Will 2020 Democrats pro­pose gun con­trol ideas that work?

Baltimore Sun - - MARYLAND VOICES -

The twin mass shoot­ings in El Paso and Day­ton have brought gun con­trol to the fore­front of the Demo­cratic pres­i­den­tial race in a way it hasn’t been for at least a gen­er­a­tion, but not all of them are push­ing hard enough to make a real dif­fer­ence.

The can­di­dates’ views cover a range of pol­icy pro­pos­als, but ex­am­in­ing the views of two lead­ing Democrats who wrote about the is­sue this week­end pro­vides a sense of the terms of the de­bate. At the most con­ser­va­tive end of the spec­trum is for­mer Vice Pres­i­dent Joe Bi­den, who wrote a New York Times oped tout­ing his lead­er­ship in pass­ing the now ex­pired 1994 as­sault weapons ban and promis­ing to re­vive it. And rep­re­sent­ing a much more ag­gres­sive ef­fort to re­duce vi­o­lence (and gun sui­cides and ac­ci­den­tal deaths) is Sen. El­iz­a­beth War­ren, who wrote a Medium post on Satur­day out­lin­ing steps she would take to­ward achiev­ing a goal of re­duc­ing gun deaths by 80%. (Vox.com has a de­tailed run­down of the 22 other Demo­cratic can­di­dates’ pol­icy pro­pos­als, but they gen­er­ally fall be­tween Mr. Bi­den’s and Ms. War­ren’s, with New Jer­sey Sen. Corey Booker also no­table for the ex­tent of his pro­pos­als.)

Mr. Bi­den cor­rectly points out the fre­quent use of mil­i­tary-style as­sault ri­fles and high-ca­pac­ity am­mu­ni­tion mag­a­zines in mass shoot­ings and the de­gree to which they mul­ti­ply the car­nage. In Day­ton, he notes, the shooter was killed by po­lice less than a minute af­ter he opened fire, yet that was still enough time for him to kill nine peo­ple and in­jure dozens more. He wants to write the new law more care­fully than the old one to make sure gun man­u­fac­tur­ers can’t skirt it by mak­ing mi­nor mod­i­fi­ca­tions to their prod­ucts, and he wants to in­sti­tute a buy­back pro­gram for the mil­lions of as­sault weapons cur­rently in cir­cu­la­tion. (He has not gone so far as to sug­gest that buy­backs be manda­tory, as some, in­clud­ing for­mer pres­i­den­tial can­di­date Rep. Eric Swal­well, have done.) Like all the other Demo­cratic can­di­dates (and some­times even Pres­i­dent Don­ald Trump), Mr. Bi­den would ex­pand back­ground checks to cover pri­vate sales of weapons, not just those by fed­er­ally li­censed gun deal­ers. He also talks quite a bit about en­cour­ag­ing the adop­tion of “smart guns,” which are de­signed to pre­vent their use by any­one other than their reg­is­tered owner.

Com­pared to what we’ve ac­com­plished on gun con­trol in the last 25 years, that would be mon­u­men­tal. Com­pared to the prob­lem at hand, it’s woe­fully in­ad­e­quate.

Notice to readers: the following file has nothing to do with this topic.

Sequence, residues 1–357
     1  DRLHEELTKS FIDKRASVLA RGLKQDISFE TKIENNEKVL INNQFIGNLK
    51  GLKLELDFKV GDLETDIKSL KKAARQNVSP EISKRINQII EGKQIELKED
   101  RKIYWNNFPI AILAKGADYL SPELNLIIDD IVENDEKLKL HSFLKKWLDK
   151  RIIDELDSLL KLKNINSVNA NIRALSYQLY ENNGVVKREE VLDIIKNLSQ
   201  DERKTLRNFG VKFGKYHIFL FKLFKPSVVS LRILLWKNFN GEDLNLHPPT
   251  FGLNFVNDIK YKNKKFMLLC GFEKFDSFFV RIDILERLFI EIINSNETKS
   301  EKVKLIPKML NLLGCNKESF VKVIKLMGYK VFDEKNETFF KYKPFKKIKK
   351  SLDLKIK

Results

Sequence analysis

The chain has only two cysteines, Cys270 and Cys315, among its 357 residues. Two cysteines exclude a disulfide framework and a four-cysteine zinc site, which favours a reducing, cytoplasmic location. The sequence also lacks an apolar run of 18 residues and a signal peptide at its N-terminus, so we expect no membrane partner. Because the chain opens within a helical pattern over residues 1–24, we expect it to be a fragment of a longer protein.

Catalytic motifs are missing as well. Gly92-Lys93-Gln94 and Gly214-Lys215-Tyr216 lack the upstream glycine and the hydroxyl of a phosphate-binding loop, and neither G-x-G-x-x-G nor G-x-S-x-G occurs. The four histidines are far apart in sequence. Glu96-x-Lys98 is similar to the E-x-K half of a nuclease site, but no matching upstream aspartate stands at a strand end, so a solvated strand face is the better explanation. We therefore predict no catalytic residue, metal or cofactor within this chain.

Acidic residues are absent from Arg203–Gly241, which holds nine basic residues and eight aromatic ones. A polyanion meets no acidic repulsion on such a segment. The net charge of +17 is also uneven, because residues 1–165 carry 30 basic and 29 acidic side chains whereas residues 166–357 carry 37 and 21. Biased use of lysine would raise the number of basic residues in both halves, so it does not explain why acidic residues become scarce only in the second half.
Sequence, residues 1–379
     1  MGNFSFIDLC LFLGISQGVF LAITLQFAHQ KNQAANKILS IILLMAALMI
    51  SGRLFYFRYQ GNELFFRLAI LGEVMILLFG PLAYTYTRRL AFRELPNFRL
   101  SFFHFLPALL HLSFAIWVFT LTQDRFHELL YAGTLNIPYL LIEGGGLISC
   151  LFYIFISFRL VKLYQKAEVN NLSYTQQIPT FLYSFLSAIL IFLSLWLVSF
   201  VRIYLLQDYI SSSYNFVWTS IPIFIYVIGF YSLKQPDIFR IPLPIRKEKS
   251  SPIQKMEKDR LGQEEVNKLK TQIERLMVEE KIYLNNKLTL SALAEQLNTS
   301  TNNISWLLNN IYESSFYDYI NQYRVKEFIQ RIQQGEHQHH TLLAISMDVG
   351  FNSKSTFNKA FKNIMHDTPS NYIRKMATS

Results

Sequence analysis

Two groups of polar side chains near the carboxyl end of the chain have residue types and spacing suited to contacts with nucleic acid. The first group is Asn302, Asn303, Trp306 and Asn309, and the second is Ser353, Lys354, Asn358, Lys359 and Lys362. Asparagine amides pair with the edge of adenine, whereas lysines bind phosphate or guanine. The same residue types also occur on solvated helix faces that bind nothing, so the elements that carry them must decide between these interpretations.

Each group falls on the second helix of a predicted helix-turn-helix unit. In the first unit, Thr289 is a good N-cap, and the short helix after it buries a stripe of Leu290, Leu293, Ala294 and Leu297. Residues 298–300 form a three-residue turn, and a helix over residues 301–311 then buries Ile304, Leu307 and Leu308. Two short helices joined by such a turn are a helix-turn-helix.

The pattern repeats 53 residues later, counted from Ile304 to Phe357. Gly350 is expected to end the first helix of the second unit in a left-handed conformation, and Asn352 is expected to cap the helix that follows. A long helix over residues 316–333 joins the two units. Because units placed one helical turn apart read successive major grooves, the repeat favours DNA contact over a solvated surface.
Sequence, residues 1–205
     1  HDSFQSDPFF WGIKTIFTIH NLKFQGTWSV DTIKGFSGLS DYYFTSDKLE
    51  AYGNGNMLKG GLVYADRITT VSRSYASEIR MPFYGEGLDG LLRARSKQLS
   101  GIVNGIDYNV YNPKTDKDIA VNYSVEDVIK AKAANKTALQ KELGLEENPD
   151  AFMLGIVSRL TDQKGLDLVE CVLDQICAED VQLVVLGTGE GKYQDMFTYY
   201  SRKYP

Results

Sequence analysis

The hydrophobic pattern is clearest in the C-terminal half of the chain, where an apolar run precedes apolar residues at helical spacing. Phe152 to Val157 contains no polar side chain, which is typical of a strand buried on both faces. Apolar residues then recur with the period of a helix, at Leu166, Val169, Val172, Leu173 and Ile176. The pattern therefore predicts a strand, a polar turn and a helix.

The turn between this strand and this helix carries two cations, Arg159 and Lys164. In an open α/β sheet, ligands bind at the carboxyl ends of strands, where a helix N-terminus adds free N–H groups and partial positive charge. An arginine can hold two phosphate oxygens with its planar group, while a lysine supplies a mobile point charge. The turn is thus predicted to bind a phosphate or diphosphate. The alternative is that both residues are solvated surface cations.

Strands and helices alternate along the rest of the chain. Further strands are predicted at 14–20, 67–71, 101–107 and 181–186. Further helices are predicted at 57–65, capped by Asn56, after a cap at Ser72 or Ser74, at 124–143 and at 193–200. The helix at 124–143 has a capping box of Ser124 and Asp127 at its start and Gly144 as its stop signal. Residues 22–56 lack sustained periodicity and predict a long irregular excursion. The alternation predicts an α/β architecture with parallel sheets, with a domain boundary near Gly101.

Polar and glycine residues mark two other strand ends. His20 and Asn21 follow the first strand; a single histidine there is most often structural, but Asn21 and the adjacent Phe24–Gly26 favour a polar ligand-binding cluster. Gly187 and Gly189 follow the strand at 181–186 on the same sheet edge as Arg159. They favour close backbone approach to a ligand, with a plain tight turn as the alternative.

Ban­ning as­sault weapons matters. They are, in fact, more deadly than hand­guns, as they fire bul­lets at a far greater ve­loc­ity, which causes more dam­age and in­creases lethal­ity. They are ac­cu­rate at a far greater range than hand­guns, and they have fea­tures de­signed to al­low a shooter to fire longer, sus­tained bursts of shots while main­tain­ing their aim. Mary­land banned as­sault weapons af­ter the Sandy Hook mass shoot­ing, and we can’t help but won­der whether that is why the al­leged shooter in the Capital-Gazette killings did not have one. If he had, that ter­ri­ble tragedy might have been even worse.

But we also come at the guns is­sue through the lens of the street vi­o­lence in Bal­ti­more and cities like it. Here, il­le­gal hand­guns, of­ten from out of state and ob­tained on the black mar­ket, are the driv­ing force be­hind the killings. Stop­ping them re­quires dif­fer­ent poli­cies, and Mr. Bi­den has ex­plic­itly ques­tioned one of the most ef­fec­tive pos­si­ble mea­sures to ad­dress so-called straw pur­chases: gun buyer li­cens­ing and reg­is­tra­tion. Sev­eral other Democrats have been push­ing the idea — no­tably, Mr. Booker, who­has led the de­bate on this is­sue — and, not sur­pris­ingly, it shows up in Se­na­tor War­ren’s pro­posal.

But what’s no­table about her plan is not just the spe­cific ideas she pro­poses — and there are many — but the philo­soph­i­cal frame­work be­hind it. She treats gun vi­o­lence, in­clud­ing ac­ci­den­tal deaths and sui­cides, as a pub­lic health/con­sumer prod­ucts safety is­sue. If she could shift the terms of de­bate in that di­rec­tion, it could lead to a new fo­cus on gun vi­o­lence re­search, which has been ham­pered by fed­eral re­stric­tions and lack of fund­ing for decades, and new kinds of le­gal li­a­bil­ity for gun man­u­fac­tur­ers. Mr. Bi­den may sup­port smart guns, but it’s only by treat­ing firearms as a dan­ger­ous prod­uct that can be made safer through reg­u­la­tions and the threat of lit­i­ga­tion that we might force gun man­u­fac­tur­ers to ac­tu­ally de­velop and pro­duce them, and firearms deal­ers to sell them. Ms. War­ren also con­nects her gun pro­pos­als to po­lit­i­cal re­forms, in­clud­ing an end to the fil­i­buster and new ethics and lob­by­ing stan­dards, say­ing the for­mer isn’t pos­si­ble with­out the lat­ter.

Don’t let the slight open­ness to ex­panded back­ground checks from Pres­i­dent Trump and Sen­ate Ma­jor­ity Leader Mitch McCon­nell fool you — en­act­ing any kind of gun con­trol, even af­ter El Paso and Day­ton, is go­ing to be ex­tremely dif­fi­cult po­lit­i­cally. We should at least sup­port can­di­dates like Ms. War­ren and Mr. Booker who are propos­ing to do what re­search says we need to keep our com­mu­ni­ties safe.


El­iz­a­beth War­ren, speak­ing at the Pres­i­den­tial Gun Sense Fo­rum in Des Moines, says her goal is to cut the num­ber of U.S. firearms deaths by 80%.

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